Despite the renewed interest in EWS within the health sector, there has been little operational activity to date. This contrasts with other sectors: most notably, a large amount of research and development effort has been focused on the development of famine early warning systems (FEWS) following widespread famine in Africa in the early 1980s. A FEWS has been defined by Davies et al. (1991) as “a system of data collection to monitor people’s access to food, in order to provide timely notice when a food crisis threatens and, thus, to elicit appropriate response.”

FEWS operate at various geographical levels (Table 1), with food availability being predicted using risk indicators such as market export prices, pest infestations, war and conflict, nutritional indices and climate and vegetation variables. The Food and Agriculture Organization of the United Nations (FAO) has established the Africa Real Time Environmental Monitoring Information System (ARTEMIS) which uses Meteosat remotely sensed images to monitor crop seasons and rainfall. These can be used to assess environmental conditions during the current growing season relative to previous years.

Table 1. Examples of FEWS and their geographical coverage


Level Early warning system
Global Global Information and Early Warning System (GIEWS)
Regional Southern African Development Community (SADC) Comité Permanent Interétats de Lutte contre la Sécheresse dans le Sahel (CILSS)
National USAID Famine early warning system information network (FEWS NET)
Sub-national Save the Children Fund (SCF-UK), Darfur, Sudan
Local Suivi Alimentaire Delta Seno (SADS), Mopti, Mali

A critical point in Davies’ definition of a FEWS is the inclusion of an ‘appropriate response’, which suggests that an EWS should be part of a wider, integrated system designed to respond to a crisis. The importance of a response will be discussed below with particular reference to infectious diseases, but it is the phase following the early warning (i.e. mitigation and response) which so far has been crucial in determining the success of FEWS. The message from numerous studies is that EWS are of little use if the capacity to respond is not present – i.e. the resources to react promptly and effectively must be included within the EWS. For instance, the 1990-91 drought in southern Africa was the worst of the twentieth century, placing approximately 40 million people at risk of starvation. A major famine was averted due to both the SADC Regional EWS warning in March 1991 of a substantial grain shortfall and extensive national and international government involvement in ordering and delivering food imports.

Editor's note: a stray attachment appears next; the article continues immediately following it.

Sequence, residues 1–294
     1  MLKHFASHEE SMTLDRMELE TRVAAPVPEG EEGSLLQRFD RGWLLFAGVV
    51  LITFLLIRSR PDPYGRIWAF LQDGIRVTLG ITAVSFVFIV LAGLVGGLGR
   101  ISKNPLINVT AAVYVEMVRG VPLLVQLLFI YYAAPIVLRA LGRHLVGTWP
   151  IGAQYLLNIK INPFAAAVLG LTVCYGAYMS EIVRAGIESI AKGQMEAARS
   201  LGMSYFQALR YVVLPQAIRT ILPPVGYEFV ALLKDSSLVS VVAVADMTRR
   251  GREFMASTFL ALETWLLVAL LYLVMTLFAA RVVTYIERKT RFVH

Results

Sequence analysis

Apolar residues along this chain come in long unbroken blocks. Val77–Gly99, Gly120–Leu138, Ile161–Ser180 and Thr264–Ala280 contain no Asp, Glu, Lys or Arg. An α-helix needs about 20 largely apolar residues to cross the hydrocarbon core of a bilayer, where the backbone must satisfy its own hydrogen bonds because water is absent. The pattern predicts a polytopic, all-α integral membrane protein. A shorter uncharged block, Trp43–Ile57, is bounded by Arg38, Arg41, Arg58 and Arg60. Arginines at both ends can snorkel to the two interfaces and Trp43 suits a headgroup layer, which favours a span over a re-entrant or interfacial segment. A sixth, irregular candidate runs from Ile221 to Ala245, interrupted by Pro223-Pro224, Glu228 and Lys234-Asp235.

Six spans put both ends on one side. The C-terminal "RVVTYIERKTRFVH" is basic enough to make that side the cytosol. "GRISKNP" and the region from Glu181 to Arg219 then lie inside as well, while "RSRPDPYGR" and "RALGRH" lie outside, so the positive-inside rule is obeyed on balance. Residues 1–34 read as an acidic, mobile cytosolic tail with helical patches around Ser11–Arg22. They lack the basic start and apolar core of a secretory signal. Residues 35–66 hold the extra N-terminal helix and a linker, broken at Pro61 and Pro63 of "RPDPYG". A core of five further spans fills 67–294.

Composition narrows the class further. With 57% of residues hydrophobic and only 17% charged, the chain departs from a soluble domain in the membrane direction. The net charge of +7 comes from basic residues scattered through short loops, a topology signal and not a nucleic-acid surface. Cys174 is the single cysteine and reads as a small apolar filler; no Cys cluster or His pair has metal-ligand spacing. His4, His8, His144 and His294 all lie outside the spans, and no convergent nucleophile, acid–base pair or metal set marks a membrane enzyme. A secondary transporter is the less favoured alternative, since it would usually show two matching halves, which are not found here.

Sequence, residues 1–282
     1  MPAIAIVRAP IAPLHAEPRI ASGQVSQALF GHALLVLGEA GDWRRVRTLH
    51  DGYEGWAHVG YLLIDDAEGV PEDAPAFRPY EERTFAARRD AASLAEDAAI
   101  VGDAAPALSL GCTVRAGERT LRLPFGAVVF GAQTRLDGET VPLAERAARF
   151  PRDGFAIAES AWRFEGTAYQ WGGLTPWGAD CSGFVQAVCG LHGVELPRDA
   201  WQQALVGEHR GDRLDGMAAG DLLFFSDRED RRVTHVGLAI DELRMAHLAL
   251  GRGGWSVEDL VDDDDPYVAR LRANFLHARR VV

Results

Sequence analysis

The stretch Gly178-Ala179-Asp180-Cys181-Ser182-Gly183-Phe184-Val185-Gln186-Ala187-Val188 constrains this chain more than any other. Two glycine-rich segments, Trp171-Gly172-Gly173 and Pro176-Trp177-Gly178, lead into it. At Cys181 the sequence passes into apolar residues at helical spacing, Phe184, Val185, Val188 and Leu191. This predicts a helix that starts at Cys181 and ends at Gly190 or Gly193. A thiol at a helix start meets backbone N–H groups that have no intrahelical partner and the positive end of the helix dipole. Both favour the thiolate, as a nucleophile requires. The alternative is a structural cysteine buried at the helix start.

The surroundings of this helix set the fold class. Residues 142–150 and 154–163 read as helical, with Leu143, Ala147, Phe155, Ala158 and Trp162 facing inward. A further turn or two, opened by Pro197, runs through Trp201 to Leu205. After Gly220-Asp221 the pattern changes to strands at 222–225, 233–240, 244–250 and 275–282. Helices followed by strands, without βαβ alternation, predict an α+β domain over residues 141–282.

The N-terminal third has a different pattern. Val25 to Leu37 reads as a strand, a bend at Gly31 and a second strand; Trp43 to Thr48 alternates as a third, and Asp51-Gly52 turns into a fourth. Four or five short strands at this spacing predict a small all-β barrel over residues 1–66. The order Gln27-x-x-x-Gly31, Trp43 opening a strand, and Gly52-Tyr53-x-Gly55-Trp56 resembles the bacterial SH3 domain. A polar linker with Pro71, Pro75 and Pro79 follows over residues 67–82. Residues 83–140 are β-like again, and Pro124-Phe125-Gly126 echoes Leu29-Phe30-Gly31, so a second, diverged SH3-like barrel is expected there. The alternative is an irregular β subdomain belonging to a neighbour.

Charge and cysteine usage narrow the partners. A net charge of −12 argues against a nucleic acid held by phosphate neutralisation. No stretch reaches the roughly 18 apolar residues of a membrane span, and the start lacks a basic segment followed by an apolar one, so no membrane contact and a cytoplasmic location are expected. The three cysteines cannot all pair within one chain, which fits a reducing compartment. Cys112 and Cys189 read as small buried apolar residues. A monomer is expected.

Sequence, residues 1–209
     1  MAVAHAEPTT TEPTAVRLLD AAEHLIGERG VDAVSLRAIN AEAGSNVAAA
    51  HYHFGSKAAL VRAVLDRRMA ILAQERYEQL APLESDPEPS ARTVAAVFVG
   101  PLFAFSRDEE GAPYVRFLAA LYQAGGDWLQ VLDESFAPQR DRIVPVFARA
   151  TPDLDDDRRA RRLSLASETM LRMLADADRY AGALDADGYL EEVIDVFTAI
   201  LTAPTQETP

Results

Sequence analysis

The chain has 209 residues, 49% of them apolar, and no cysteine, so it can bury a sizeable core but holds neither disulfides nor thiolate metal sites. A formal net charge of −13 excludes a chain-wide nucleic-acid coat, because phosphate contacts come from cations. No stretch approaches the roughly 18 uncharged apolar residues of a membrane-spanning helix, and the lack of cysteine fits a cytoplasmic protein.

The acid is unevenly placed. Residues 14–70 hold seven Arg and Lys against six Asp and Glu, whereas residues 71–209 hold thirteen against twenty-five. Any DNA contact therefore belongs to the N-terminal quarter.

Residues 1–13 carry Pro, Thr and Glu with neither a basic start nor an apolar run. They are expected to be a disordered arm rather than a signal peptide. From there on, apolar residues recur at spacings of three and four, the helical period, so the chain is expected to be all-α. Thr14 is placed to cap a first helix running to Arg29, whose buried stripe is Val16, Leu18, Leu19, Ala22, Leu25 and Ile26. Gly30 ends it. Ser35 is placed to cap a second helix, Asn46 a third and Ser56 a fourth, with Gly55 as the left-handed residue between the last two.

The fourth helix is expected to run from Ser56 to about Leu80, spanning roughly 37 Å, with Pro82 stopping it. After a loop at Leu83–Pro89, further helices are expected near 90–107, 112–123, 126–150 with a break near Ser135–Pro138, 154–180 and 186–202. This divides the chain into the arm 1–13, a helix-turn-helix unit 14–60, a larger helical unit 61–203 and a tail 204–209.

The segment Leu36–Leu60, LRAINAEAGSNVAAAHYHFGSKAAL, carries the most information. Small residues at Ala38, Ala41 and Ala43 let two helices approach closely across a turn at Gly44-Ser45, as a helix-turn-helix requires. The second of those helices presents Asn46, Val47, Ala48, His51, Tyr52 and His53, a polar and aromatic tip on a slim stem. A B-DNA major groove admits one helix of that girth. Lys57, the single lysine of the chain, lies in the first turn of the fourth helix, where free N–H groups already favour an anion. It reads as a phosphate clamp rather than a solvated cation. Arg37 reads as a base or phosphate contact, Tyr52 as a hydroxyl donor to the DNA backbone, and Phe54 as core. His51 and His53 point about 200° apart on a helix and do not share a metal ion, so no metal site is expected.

Experience elsewhere has shown that where decisions are predicated on signs that a crisis is already underway, relief is not delivered on time – as was the case in Sudan and Chad 1990-91. Additionally, political issues can have a significant impact on the timing of the response. In Ethiopia, for example, early warning information from national systems was ignored for years due to political instability (Buchanan-Smith et al. 1995).

In various instances the success of the FEWS approach has been limited by a number of organizational problems, the implications of which should not be overlooked in the health sector:

  • Climate is only one of many determinants which could be included in an EWS.
  • Early warning of a crisis is no guarantee of prevention.
  • Interest in preventing a crisis is part of a wider political, economic and social agenda. In many cases governments are not directly accountable to vulnerable popu-lations.
  • In most cases, the purpose of early warning is undermined as relief arrives too late due to poor organization at donor-level.

Using climate to predict disease outbreaks: a review: 1,2,3,4,5,6,7,8,9,10,11,12 | Next page: Conceptual framework for developing climate-based EWS for infectious disease